If You Build It

Bring in the Reality


Caesar’s Visa, 2009
Neon Sign. 36 x 75 x 8 inches.

Harking back to outmoded neon signage of the 1950s, the title of Hank Willis Thomas’ Caesar’s Visa (2009) superficially invokes the corporate banality of its credit card namesake. Played out in the stark luminescence of its all-caps typeface, the pitched slogan of the eponymous company (“It’s Everywhere You Want To Be. The Life You Were Meant To Live”) alternately flashes on and off. The electrical wink of Thomas’ split phrases consequently reads like a hollow mantra to materialistic wish fulfillment, recalling too the deeper tensions and divides that skewer the idealistic aspirations of the American dream.

Calling to mind the overt racial politics that figure in Glenn Ligon’s neon works, Thomas subtly redeploys the seductive, coaxing jargon of Madison Avenue, imbuing it with a forlorn sense of sadness, of shattered promises and unmet aspirations—sentiments particularly resonant in light of the inequalities and racial injustices that still plague our societies. With their impossible promises of transformation, Thomas’ stark neon letters similarly recall the profusion of roadside church signs across the American landscape with its racial divide of dark and light.


Lightsaber (Diamond), 2013
Reflective Plexiglas with stained African mahogany. 67 ¾ x 67 ¾ x 2 ¾ inches.

Instigating a play between the sacred and the secular, Thomas’ Lightsaber (Diamond) (2012) possesses a detached elegance and formal sophistication, its cool colors and spatial abstractions suggesting some recovered relic—an old church window, or the decorative panes of a renovated brownstone. Whilst its material constituents (mahogany and Plexiglas) point to a clash of cultural registers, a dual association is also invoked by the diamond shape and its precious namesake—the rarest of stones and symbol of African colonial exploitation. The quasi-mysticism of the work’s title and its sci-fi connotations similarly points to an ambiguous slippage between high and low culture.


Intentionally Left Blanc, 2009
Retro-reflective screen print. 61 3/8 x 41 5/8 x 1 3/4 inches. Courtesy of the artist and Jack Shainman Gallery.

Hank Willis Thomas’ Intentionally Left Blanc alludes to the technical process of its own (non)production; a procedure known as retro-reflective screen printing in which the image is brought to life through its exposure to flash. Depicting a passionate crowd of African Americans—their attitude suggesting the fervor of a civil-rights era audience—Intentionally Left Blanc reverts in its exposed, “positive” format to an image in which select faces are whitened out and erased, the exact inverse of the same view in its “negative” condition. This dialectic of light and dark re-emerges when we view the same faces again, only this time black and featureless, a scattering of disembodied heads amidst a sea of white.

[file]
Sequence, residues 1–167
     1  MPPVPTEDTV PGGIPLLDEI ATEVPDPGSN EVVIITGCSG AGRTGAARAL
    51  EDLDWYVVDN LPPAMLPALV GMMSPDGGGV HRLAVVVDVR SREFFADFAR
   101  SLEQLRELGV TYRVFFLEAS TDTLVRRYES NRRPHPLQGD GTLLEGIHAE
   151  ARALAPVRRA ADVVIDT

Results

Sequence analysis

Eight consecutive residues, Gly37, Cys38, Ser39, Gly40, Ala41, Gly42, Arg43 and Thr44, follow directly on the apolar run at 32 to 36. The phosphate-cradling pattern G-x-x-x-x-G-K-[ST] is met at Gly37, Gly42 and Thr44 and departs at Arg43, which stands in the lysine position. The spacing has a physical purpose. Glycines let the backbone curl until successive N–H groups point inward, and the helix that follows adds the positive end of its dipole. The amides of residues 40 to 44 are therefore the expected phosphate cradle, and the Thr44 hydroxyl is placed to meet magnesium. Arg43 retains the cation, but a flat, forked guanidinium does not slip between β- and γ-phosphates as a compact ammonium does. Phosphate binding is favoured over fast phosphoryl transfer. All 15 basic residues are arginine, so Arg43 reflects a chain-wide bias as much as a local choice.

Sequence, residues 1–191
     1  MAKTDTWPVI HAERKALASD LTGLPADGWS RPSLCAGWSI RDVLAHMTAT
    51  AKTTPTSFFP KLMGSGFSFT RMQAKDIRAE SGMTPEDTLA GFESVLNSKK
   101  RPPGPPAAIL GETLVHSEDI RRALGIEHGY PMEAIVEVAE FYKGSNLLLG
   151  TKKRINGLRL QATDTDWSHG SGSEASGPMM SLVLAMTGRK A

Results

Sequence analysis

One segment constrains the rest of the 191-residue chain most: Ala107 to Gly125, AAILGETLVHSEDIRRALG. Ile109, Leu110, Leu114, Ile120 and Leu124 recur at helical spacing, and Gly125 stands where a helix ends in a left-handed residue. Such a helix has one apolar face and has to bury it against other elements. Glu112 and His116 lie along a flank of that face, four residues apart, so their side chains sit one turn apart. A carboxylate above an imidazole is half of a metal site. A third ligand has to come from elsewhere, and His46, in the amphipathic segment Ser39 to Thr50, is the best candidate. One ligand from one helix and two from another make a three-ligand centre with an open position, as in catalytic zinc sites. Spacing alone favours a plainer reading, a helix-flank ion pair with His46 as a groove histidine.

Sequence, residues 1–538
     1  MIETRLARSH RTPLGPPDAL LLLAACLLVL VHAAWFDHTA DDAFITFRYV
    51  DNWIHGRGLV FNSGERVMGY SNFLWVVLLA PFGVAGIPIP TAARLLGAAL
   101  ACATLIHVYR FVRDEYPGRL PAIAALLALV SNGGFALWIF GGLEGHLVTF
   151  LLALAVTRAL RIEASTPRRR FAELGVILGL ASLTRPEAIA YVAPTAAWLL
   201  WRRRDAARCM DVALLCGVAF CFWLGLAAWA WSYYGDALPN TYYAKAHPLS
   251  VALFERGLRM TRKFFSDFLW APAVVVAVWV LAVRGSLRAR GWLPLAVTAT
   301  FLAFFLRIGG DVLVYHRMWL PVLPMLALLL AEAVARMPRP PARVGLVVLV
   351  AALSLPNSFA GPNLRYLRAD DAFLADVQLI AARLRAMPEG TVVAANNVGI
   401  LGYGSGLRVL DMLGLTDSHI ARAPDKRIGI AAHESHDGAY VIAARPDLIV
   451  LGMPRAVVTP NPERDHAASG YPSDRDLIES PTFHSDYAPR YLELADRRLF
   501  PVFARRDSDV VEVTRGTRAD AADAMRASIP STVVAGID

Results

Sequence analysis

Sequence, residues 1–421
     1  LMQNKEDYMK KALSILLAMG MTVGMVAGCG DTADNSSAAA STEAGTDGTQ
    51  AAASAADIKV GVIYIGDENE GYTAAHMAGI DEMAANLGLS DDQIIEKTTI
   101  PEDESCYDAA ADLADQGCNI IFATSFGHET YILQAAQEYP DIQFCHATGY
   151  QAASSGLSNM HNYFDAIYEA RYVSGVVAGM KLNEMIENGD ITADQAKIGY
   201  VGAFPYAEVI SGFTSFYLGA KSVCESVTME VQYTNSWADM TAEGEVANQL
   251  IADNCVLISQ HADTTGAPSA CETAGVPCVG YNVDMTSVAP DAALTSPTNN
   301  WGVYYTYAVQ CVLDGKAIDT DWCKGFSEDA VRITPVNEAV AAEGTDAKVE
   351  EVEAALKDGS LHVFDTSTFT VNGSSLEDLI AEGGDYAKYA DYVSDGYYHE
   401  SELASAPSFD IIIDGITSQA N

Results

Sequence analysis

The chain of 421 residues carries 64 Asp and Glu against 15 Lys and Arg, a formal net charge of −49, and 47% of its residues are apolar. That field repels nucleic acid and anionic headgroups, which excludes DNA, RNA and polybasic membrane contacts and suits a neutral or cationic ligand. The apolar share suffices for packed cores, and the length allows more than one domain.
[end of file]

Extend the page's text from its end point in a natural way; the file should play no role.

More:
Invisible Man, 2013
Plexiglas block and digital c-print. 20 x 2 x 16 1/2 inches; pedestal 42 x 16 1/2 x 7 1/8 inches. Courtesy of the artist and Jack Shainman Gallery

Deriving its title from Ralph Ellison’s novel, Invisible Man explores the conflicted question of racial identity and its theatrical enactment in U.S. history. Literally doubled by the reflective surface of the material, the work’s protagonist invokes minstrel show regalia and the ritual donning of black face makeup. Tuxedo clad and sharply bifurcated into black and white, he echoes the fashionably dressed figures featured throughout Hank Willis Thomas’ work: icons of social mobility and style whose identities have faded into memory.
Pictured: Caesar’s Visa, photo by Whitney Browne; Invisible Man, courtesy of the artist and Jack Shainman Gallery.


Seeker, 2012

Photo conceptual artist Hank Willis Thomas uses his work to engage themes of identity, history, and popular culture. In Seeker (2012), Willis Thomas collaborated with Sanford Biggers, an artist also interested in the relationship between history, politics, and contemporary culture, to play with the idea of racial hybridity. This digital C-print, based on an image from the Robert Langmuir African American Photograph Collection at Emory University, presents artist Sanford Biggers as a remixed minstrel in a top hat and tails, his face and clothing bisected into two halves – one white and one black. In this appropriation of a flagrantly racist caricature from America’s vaudevillian past, Thomas highlights the entertainment value of a vaudeville performer; however, Biggers’ minstrel is not presented in the act of performing, rather he is captured in a moment of reflection.